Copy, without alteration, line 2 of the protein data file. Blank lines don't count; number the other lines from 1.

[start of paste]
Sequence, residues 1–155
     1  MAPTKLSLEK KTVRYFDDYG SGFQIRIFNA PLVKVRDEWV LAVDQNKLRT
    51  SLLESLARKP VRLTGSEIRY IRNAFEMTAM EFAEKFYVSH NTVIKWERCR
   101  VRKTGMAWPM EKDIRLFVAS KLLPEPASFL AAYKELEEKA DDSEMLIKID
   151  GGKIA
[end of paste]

     1  MAPTKLSLEK KTVRYFDDYG SGFQIRIFNA PLVKVRDEWV LAVDQNKLRT